Iran's South Pars oil field
Iran's South Pars oil field

Oil prices have experienced a slight decrease for the third day in a row, after reaching a six-month record. Investors have seemingly shrugged off fears of a wider Middle East war disrupting supplies. Brent crude, the international benchmark, fell by 3.03% to $87.29 per barrel for June.

Meanwhile, West Texas Intermediate, the U.S. marker, dropped by 3.13% to $82.69 a barrel for May. On Friday, oil prices soared to their highest level since October at $92.18 due to speculation that Iran would retaliate to the blast of its embassy in Damascus by Israel.

However, the forewarning of Iran's missile and drone attack on Saturday night allowed Israel - with the help of its allies - to intercept the majority of the 300 aerial drones and missiles aimed at it. Despite world leaders urging restraint, traders remain on high alert as Israel weighs up the size and scale of its response to Iran's strike.

According to Michael Tamvakis, a Commodity Economics and Finance Professor at Bayes Business School, City University London, the extent of Israel's retaliation will determine its impact on oil markets and the global economy. Since Iran declared that it would respond again if Israel retaliates, it is a "tit for tat" situation.

Tamvakis believes that the unprecedented strike on Israel had a subdued effect on oil prices as it inflicted less damage than expected. He said, "It was more a sign of relief in the market... because although it was an extensive attack, it was only to one target."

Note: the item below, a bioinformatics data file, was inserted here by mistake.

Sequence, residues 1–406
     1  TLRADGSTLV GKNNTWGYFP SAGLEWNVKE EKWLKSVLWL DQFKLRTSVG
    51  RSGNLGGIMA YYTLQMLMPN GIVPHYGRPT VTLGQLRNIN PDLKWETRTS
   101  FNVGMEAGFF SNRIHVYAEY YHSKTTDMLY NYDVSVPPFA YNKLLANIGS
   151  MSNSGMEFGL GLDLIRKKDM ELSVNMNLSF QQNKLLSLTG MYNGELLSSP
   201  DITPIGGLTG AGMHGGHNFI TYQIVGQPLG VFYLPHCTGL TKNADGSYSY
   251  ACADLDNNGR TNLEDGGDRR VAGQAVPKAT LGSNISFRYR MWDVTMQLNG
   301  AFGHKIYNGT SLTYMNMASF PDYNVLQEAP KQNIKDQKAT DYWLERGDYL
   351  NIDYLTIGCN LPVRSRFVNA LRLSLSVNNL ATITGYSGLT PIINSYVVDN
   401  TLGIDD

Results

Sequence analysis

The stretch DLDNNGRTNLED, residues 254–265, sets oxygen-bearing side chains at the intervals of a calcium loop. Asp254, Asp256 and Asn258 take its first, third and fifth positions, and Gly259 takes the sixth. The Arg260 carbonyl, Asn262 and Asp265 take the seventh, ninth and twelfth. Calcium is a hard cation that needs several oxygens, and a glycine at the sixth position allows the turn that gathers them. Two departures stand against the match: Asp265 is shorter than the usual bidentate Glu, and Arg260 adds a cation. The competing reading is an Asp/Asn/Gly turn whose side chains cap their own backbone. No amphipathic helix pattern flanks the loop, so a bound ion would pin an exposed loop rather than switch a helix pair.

Analysts predict that although the market has anticipated a measured response from Israel, an escalation of the conflict could lead to an overwhelming surge in oil, fuel, and energy prices. If a broader regional war erupts in the oil-rich area, it could disrupt shipping through the Strait of Hormuz, where over one-quarter of global maritime oil trade passes daily.

Tamvakis warned that under these circumstances, Iran would have the means to target oil tankers that flow through the strait with drones, missiles, or submarines. Such an escalation could bring major turmoil to the market and affect oil transportation from the world's largest producers.

It could lead to international shipping becoming reluctant to pick up cargo because of the sudden jump in insurance premiums. Iran is the third-largest producer in the Organization of the Petroleum Exporting Countries (OPEC), generating approximately 3% of the world's output.

The US is considering further sanctions against Iran that could penalize the country's oil exports following the weekend air assault. Tamvakis explained that while Turkey and the Asia Pacific are the primary purchasers of Iranian oil, any blows to Iran's oil production could lift global prices.

"If you remove these supplies from the market, there will be a shortfall, and the price will increase," he added.